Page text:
Berwin Leighton Paisner (BLP) has confirmed it is in preliminary merger talks with US firm Greenberg Traurig.
Should a deal be reached it would give BLP a major presence in the US as well as a number of offices in Europe, Asia, Israel and Latin America.
BLP’s managing partner Lisa Mayhew said: “BLP has always been a game-changer in the legal sector and hungry to explore opportunities that will improve the quality and breadth of our service to clients.”
Real estate and infrastructure will be a major focus during the merger discussion with the two firms believing they can offer a top-level global practice. The merger would also expand the firms’ global practices in corporate, finance, M&A and private equity; litigation and corporate risk, dispute resolution and regulatory; technology, media & entertainment; financial services; private wealth; and energy and natural resources.
The combination would result in a firm of more than 2,500 lawyers, with nearly 750 lawyers in New York and London alone, and a broadened platform across Europe, the Americas, Asia, and the Middle East.
BLP confirmed that senior leadership was working to assess the merits of the merger over the coming months. Any merger would be subject to a partner vote. The firm added it would make no further comment at the present time.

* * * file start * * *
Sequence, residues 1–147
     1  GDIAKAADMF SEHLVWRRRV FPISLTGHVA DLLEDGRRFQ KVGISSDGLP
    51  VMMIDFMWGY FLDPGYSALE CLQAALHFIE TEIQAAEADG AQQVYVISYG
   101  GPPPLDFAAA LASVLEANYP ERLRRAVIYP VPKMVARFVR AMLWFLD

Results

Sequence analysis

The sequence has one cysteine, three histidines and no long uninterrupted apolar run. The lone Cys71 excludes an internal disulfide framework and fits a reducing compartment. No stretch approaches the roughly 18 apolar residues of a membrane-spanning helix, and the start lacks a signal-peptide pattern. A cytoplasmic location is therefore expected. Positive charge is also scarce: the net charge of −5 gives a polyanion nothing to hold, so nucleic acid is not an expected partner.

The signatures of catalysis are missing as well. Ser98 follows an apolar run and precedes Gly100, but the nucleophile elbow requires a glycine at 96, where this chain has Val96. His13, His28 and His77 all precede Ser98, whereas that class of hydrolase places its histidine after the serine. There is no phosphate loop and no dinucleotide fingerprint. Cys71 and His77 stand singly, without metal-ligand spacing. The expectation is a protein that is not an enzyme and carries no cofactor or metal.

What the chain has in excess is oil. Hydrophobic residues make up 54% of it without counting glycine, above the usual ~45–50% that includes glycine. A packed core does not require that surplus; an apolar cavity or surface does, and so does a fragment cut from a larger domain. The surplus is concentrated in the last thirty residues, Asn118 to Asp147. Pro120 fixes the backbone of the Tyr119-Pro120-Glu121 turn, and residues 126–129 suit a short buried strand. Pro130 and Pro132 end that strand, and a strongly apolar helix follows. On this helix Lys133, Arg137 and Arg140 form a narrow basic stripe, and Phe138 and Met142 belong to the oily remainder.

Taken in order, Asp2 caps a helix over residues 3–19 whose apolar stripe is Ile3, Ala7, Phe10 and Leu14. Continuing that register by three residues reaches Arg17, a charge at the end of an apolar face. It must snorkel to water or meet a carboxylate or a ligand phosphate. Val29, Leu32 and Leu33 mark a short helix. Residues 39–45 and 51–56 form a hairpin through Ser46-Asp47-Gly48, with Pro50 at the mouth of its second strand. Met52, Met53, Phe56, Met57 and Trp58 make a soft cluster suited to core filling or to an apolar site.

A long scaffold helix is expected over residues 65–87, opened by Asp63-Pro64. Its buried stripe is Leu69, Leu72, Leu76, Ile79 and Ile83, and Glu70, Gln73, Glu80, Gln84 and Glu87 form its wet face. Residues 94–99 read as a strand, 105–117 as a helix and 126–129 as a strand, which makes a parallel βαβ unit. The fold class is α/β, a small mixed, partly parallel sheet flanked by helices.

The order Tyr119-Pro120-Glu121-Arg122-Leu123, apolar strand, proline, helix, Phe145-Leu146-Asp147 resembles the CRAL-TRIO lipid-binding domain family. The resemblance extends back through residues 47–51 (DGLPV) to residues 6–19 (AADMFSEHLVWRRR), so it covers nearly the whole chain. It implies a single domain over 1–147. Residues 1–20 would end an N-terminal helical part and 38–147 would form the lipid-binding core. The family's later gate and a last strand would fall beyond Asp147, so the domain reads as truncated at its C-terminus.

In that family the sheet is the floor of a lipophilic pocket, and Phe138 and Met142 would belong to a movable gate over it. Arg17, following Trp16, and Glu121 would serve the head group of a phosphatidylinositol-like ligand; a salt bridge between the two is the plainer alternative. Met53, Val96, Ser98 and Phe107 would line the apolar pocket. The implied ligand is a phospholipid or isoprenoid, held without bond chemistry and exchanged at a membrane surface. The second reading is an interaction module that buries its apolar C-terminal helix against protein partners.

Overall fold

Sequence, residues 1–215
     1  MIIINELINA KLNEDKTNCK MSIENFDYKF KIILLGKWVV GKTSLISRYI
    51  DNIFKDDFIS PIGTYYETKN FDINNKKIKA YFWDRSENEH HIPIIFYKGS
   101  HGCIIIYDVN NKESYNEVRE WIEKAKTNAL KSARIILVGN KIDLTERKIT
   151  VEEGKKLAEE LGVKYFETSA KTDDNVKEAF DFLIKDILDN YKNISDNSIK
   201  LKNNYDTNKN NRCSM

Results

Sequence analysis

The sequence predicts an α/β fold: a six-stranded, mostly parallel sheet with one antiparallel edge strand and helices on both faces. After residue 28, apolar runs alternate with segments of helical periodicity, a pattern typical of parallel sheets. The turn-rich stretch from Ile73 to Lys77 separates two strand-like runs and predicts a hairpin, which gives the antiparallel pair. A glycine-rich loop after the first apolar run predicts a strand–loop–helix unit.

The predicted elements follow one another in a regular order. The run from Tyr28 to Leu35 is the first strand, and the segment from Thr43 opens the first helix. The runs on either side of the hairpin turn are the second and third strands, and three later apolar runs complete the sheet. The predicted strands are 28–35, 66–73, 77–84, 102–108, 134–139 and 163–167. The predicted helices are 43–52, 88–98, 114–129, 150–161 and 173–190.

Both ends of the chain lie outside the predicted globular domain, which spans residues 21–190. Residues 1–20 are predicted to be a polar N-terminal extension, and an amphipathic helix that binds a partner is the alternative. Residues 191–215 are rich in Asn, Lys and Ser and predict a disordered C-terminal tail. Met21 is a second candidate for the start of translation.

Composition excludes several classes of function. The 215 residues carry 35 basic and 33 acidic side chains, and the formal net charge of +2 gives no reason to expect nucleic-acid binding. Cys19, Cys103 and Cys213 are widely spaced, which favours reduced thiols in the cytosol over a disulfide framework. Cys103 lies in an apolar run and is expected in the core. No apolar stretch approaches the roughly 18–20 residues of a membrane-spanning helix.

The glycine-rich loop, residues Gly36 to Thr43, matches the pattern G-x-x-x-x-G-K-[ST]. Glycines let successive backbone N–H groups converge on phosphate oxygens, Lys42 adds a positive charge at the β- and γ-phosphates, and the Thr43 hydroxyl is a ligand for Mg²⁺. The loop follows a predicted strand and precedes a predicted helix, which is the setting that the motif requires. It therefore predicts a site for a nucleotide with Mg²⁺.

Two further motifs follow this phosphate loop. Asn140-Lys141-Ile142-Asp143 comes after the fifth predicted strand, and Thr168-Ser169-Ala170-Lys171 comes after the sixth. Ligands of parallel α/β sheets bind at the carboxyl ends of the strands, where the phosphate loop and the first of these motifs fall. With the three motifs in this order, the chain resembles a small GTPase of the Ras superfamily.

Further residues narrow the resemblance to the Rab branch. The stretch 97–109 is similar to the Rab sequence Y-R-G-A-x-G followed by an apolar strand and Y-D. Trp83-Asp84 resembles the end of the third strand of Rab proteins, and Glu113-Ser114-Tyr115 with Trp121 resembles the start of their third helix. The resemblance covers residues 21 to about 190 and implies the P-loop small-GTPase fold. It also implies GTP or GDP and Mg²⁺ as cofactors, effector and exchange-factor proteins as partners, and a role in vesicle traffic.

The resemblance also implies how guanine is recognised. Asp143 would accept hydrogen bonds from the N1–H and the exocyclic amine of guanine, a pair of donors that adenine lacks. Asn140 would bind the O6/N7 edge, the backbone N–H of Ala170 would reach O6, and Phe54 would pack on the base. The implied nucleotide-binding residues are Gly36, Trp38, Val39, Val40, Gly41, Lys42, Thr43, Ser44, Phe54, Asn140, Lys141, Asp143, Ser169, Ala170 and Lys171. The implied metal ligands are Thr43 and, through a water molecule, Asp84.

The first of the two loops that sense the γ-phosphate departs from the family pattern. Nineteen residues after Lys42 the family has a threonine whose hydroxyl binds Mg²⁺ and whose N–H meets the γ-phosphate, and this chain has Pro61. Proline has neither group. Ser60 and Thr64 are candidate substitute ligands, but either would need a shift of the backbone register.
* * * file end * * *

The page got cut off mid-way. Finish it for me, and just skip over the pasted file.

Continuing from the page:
Greenberg Traurig executive chairman Richard Rosenbaum said that although the US firm had grown from three lawyers to 1,950 without mergers it would always act on opportunities that would allow the firm to “execute its strategies”.
Although BLP has been on the lookout for a US merger for sometime, up until now the firm’s global expansion has taken it east rather than west. The firm has offices in Beijing, Hong Kong, Indonesia and Singapore and recently opened an office in Myanmar
The merger talks are the first major strategic move to be led by newly-appointed managing partner Mayhew, who took over from Neville Eisenberg on 1 May 2015.
In the UK Greenberg Traurig has a relatively small office, which is headed up by former Mayer Brown co-vice chairman Paul Maher.
Speaking to The Lawyer last year Rosenbaum said that the firm’s “days of growth” in London were not over but that he was willing to wait for the right partner to do business with. Rosenbaum pointed out that it took the firm 10 years to find a suitable partner to launch in Europe in Maher.
Due to the early nature of the discussions it is unknown how a merger would impact Greenberg Traurig’s London office.